Tech & Science: Astronomers discovered a gigantic planet that should not exist - - PressFrom - United Kingdom
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Tech & Science Astronomers discovered a gigantic planet that should not exist

19:15  01 october  2019
19:15  01 october  2019 Source:   cnet.com

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An artist's impression of the planet that should not exist , GJ 3512b. The existence of GJ 3512b puts into question the core accretion model, used to explain how planets in our solar system form. That model is widely accepted by scientists as an explanation for how terrestrial planets like Earth were

Mysterious planet similar to Jupiter. An international research consortium led by Spanish astronomers have discovered an unusual exoplanet that orbits around The Mysterious planet was discovered by a Spanish-German research consortium called Carmenes. The aim of Carmenes is to detect planets

An artist's impression of the planet that should not exist. © Provided by CBS Interactive Inc. An artist's impression of the planet that should not exist.

GJ 3512b is a planet roughly 284 trillion kilometers from Earth, and it's gigantic. So gigantic, in fact, that it shouldn't exist. At least, according to some currently held ideas about planets and how they form. 

But here we are. 

The discovery, published in the journal Science on Sept. 27, was made possible thanks to the Calar Alto, Sierra Nevada and Montsec Astronomical observatories in Spain and the Las Cumbres Observatory in California. 

The confusion is around GJ 3512b and how large it is compared to the star it orbits, an M-type red dwarf. This kind of star is quite small, traditionally one fifth the size of the sun and up to 50 times dimmer. For comparison, our sun weighs roughly 333,000 times more than Earth while GJ 3512b's star only weighs 270 times more. Jupiter, the largest planet in our solar system, weighs around 1,047 times less than the sun.

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Astronomers have spotted a huge planet that they thought would not be able to exist . The vast world – a Jupiter-like exoplanet that is 30 light-years away – could force us to Astronomers did not expect that such a small star would be able to serve as home to such a vast planet . We’ll tell you what’s true.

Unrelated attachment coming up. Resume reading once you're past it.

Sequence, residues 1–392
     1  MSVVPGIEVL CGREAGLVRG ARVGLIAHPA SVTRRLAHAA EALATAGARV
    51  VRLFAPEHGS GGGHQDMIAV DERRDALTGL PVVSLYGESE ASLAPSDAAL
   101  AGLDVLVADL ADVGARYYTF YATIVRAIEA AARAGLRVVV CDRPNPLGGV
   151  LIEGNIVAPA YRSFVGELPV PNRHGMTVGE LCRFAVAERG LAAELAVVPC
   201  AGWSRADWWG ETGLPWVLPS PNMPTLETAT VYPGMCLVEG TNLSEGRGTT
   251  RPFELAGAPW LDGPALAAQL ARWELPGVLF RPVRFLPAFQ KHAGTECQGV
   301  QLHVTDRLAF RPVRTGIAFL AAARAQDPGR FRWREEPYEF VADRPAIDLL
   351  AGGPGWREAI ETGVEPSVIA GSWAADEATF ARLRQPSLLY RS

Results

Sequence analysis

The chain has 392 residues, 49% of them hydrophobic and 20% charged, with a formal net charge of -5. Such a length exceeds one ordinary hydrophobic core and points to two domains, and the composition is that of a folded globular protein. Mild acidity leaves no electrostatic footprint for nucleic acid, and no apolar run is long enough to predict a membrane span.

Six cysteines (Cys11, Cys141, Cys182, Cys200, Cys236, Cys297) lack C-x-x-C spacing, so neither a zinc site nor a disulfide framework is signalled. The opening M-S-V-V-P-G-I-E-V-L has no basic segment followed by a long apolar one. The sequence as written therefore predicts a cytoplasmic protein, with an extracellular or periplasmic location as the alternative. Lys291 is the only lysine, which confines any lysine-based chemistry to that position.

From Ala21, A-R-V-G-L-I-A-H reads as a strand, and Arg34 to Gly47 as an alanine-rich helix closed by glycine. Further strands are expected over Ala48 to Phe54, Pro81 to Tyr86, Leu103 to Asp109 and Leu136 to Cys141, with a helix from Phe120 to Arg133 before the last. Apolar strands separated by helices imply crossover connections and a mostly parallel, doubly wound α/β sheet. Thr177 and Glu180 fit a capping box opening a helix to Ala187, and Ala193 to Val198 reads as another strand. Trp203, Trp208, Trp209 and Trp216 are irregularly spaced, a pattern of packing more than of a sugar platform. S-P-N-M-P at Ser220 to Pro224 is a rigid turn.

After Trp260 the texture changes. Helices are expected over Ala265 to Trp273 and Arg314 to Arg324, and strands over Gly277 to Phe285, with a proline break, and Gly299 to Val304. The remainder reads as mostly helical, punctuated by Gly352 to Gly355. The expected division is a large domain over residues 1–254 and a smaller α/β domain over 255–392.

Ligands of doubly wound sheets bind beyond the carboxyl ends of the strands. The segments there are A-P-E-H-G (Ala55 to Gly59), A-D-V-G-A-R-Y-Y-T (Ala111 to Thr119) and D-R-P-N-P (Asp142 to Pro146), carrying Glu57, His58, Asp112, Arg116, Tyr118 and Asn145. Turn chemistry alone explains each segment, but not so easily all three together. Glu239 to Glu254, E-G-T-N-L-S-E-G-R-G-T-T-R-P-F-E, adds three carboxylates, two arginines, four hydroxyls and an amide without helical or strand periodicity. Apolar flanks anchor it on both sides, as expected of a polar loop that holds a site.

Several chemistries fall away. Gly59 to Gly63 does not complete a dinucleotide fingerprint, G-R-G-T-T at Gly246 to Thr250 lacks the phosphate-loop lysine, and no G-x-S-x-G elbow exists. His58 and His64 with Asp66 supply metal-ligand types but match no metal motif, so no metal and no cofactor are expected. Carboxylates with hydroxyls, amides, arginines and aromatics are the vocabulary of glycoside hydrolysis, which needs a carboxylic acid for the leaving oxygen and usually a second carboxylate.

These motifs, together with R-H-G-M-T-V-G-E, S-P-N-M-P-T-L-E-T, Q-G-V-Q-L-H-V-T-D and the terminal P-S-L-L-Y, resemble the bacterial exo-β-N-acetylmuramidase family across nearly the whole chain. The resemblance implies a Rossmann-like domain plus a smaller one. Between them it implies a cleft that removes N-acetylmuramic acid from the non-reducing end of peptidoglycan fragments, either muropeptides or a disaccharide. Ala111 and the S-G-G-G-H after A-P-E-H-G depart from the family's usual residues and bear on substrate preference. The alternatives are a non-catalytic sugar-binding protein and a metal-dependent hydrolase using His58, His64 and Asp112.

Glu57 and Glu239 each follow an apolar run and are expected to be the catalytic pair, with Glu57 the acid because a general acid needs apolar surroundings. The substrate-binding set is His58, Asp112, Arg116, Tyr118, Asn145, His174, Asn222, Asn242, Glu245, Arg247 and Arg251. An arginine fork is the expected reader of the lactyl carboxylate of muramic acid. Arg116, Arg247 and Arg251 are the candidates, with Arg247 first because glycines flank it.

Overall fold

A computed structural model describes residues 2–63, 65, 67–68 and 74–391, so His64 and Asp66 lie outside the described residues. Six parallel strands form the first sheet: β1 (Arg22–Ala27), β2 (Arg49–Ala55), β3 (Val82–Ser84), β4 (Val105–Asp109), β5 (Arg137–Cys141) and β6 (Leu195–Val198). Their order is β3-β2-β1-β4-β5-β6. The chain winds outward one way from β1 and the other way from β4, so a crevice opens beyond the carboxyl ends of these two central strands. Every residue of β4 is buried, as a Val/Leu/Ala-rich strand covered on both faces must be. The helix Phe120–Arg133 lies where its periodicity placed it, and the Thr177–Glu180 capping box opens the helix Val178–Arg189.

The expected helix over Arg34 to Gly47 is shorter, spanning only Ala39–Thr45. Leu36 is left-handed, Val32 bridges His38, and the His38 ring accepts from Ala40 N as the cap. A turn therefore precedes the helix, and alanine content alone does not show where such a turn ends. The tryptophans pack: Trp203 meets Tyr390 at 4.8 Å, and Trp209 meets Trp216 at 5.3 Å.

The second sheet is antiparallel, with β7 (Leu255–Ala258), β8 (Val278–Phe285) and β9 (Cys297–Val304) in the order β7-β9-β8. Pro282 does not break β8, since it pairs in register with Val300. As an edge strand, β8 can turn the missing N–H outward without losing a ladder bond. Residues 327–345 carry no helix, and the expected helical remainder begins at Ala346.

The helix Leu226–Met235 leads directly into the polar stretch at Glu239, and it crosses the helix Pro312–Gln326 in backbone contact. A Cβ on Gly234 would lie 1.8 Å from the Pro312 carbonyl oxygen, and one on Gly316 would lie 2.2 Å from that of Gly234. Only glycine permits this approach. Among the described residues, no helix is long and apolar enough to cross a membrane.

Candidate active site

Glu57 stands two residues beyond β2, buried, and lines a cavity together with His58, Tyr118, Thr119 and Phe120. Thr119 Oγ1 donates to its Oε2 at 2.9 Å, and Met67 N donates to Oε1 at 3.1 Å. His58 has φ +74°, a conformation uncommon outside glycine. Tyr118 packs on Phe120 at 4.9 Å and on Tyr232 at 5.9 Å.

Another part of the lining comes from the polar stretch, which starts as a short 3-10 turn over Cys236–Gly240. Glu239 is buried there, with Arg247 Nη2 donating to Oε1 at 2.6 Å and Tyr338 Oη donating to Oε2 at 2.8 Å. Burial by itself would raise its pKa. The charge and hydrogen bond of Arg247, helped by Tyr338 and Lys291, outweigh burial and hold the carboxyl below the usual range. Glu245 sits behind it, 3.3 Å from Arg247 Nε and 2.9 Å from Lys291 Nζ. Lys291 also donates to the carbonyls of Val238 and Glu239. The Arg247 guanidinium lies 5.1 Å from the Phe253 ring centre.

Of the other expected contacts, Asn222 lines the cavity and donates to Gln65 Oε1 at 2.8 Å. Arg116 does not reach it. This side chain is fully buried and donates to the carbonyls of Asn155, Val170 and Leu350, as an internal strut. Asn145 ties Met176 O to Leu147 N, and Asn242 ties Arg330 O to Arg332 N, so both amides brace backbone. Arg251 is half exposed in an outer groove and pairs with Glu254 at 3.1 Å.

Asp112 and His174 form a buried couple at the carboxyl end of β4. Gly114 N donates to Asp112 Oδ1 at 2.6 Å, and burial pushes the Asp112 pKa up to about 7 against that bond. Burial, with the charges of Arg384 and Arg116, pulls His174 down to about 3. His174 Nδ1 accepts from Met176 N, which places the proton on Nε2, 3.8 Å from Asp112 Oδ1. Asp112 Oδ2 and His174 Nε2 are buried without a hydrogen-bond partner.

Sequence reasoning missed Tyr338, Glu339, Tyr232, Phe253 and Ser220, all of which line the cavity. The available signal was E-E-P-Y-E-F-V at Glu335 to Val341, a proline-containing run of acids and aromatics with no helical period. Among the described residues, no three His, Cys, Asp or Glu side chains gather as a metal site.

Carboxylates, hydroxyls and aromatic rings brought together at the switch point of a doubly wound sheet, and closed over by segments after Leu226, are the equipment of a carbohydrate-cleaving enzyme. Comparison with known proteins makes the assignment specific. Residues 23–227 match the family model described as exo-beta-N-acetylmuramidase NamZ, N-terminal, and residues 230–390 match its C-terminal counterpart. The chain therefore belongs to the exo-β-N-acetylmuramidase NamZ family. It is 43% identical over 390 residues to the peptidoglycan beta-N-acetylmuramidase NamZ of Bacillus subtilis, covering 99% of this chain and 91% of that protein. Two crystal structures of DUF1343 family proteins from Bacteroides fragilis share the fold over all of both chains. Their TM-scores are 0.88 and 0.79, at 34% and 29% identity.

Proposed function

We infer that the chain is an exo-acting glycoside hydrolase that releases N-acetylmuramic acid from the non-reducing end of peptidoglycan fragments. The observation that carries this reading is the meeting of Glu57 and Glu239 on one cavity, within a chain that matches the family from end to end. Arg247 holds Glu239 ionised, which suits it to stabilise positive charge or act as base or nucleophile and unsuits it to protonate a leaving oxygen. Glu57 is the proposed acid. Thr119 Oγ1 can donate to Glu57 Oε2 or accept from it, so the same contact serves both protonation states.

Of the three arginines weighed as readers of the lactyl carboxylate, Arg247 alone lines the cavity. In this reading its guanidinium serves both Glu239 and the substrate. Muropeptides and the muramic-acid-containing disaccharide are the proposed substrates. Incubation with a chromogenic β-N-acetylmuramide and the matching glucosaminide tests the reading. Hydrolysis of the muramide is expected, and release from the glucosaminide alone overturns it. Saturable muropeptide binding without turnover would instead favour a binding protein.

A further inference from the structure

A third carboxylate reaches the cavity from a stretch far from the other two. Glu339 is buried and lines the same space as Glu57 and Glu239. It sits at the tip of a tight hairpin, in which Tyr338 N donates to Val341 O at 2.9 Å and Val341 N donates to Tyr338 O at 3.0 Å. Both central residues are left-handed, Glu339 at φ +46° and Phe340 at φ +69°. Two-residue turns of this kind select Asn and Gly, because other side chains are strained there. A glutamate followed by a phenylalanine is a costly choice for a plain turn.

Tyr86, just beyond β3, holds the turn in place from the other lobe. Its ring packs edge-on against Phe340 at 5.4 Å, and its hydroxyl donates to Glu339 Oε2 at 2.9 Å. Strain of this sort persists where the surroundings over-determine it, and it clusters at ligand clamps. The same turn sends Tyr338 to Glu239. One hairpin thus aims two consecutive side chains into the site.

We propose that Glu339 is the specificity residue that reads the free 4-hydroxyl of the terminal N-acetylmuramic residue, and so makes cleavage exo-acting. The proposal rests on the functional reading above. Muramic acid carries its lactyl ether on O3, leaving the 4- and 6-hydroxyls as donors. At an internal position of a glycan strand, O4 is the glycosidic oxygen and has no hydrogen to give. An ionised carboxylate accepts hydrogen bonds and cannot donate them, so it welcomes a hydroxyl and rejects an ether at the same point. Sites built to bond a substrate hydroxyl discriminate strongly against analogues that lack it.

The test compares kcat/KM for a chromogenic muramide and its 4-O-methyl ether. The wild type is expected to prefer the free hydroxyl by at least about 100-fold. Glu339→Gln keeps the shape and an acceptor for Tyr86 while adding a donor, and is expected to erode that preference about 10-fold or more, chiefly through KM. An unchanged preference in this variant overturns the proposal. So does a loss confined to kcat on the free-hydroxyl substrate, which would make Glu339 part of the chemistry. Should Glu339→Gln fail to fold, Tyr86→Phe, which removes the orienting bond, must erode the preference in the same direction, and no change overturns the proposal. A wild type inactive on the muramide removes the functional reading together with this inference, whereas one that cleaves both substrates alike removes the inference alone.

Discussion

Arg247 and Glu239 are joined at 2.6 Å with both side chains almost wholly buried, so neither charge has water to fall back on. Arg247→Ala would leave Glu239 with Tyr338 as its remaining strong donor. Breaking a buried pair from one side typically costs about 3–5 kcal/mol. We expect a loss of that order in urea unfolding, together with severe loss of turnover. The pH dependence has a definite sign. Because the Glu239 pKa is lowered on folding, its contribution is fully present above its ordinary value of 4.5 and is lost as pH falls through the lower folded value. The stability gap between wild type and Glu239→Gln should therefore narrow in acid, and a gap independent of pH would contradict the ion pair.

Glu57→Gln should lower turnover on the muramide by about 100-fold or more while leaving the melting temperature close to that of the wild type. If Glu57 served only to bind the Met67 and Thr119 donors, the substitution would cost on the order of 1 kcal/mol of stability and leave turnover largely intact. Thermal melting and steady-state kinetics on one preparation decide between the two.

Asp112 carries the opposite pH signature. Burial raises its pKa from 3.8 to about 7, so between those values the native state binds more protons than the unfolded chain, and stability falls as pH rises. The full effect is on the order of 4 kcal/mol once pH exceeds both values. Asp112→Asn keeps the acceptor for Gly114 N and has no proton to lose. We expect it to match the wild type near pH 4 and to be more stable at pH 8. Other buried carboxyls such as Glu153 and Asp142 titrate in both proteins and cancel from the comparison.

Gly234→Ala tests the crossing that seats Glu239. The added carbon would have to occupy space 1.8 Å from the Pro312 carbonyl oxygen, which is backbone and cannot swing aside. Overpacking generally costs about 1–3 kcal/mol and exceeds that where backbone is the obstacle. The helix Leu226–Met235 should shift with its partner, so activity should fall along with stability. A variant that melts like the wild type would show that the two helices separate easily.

A disproportionate planet that should not be where it is! "The team of astronomers who discovered the planet for the first time wrote in the journal Science that the recently confirmed planet was not formed in the usual progressive way, where a solid nucleus of molten particles takes shape

Planet GJ 3512b is around half the size of Jupiter, but even then, it's only around 250 times less massive than its star. This is weird. According to existing models, that makes GJ 3512b way too big to be orbiting an M-type red dwarf of this size.

"Around such stars there should only be planets the size of the Earth or somewhat more massive Super-Earths," Christoph Mordasini, co-author of the study, told the BBC.

The existence of GJ 3512b puts into question the core accretion model, used to explain how planets in our solar system form. That model is widely accepted by scientists as an explanation for how terrestrial planets like Earth were formed. But GJ 3512b makes a very strong case for the "disk instability" model, a newer theory which lines up more consistently with the finding. 

"For the first time, we have accurately characterized an exoplanet that cannot be explained by the core accretion formation model," said lead author Juan Carlos Morales, speaking to Space. "This exoplanet proves that the gravitational instability model may play a role in the formation of giant planets."

'Improbable Planet' Somehow Survives Being Swallowed by Pulsing Star .
Scientists have discovered a "survivalist" planet that shouldn't exist orbiting a pulsating star. Using astroseismology data from NASA's Transiting Exoplanet Survey Satellite, or TESS, a team of researchers studying the red giant stars HD 212771 and HD 203949 detected oscillations, which are "gentle pulsations at the surfaces of stars," lead author Tiago Campante of the Instituto de Astrofísica e Ciências do Espaço (IA) and Faculdade de Ciências da Universidade do Porto, told Space.com. This is actually the first time that oscillations have been found by TESS in stars that host exoplanets.

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